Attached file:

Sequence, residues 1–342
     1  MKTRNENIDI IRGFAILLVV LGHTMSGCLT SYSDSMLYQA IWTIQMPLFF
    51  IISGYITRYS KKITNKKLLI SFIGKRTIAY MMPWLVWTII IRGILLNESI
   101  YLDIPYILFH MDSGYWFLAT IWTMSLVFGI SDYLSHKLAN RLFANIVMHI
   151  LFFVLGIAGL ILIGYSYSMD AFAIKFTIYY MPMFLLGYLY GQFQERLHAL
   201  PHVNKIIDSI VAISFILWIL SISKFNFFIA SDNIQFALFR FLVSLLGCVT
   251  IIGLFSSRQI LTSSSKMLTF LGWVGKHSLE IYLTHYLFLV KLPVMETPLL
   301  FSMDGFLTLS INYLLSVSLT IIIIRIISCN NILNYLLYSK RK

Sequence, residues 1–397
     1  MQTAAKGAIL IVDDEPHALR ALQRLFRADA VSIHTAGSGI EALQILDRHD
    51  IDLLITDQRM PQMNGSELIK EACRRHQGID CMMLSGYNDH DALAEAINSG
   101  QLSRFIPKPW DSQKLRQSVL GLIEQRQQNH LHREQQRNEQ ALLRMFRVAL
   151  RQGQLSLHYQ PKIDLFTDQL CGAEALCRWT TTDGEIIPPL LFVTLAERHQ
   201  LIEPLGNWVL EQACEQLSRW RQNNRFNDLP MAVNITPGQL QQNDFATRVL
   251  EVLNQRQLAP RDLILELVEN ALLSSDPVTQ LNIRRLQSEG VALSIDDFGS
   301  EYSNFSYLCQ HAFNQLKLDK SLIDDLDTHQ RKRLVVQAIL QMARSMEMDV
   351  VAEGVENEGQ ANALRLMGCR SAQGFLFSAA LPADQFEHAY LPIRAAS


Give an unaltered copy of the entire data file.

Sequence, residues 1–342
     1  MKTRNENIDI IRGFAILLVV LGHTMSGCLT SYSDSMLYQA IWTIQMPLFF
    51  IISGYITRYS KKITNKKLLI SFIGKRTIAY MMPWLVWTII IRGILLNESI
   101  YLDIPYILFH MDSGYWFLAT IWTMSLVFGI SDYLSHKLAN RLFANIVMHI
   151  LFFVLGIAGL ILIGYSYSMD AFAIKFTIYY MPMFLLGYLY GQFQERLHAL
   201  PHVNKIIDSI VAISFILWIL SISKFNFFIA SDNIQFALFR FLVSLLGCVT
   251  IIGLFSSRQI LTSSSKMLTF LGWVGKHSLE IYLTHYLFLV KLPVMETPLL
   301  FSMDGFLTLS INYLLSVSLT IIIIRIISCN NILNYLLYSK RK

Sequence, residues 1–397
     1  MQTAAKGAIL IVDDEPHALR ALQRLFRADA VSIHTAGSGI EALQILDRHD
    51  IDLLITDQRM PQMNGSELIK EACRRHQGID CMMLSGYNDH DALAEAINSG
   101  QLSRFIPKPW DSQKLRQSVL GLIEQRQQNH LHREQQRNEQ ALLRMFRVAL
   151  RQGQLSLHYQ PKIDLFTDQL CGAEALCRWT TTDGEIIPPL LFVTLAERHQ
   201  LIEPLGNWVL EQACEQLSRW RQNNRFNDLP MAVNITPGQL QQNDFATRVL
   251  EVLNQRQLAP RDLILELVEN ALLSSDPVTQ LNIRRLQSEG VALSIDDFGS
   301  EYSNFSYLCQ HAFNQLKLDK SLIDDLDTHQ RKRLVVQAIL QMARSMEMDV
   351  VAEGVENEGQ ANALRLMGCR SAQGFLFSAA LPADQFEHAY LPIRAAS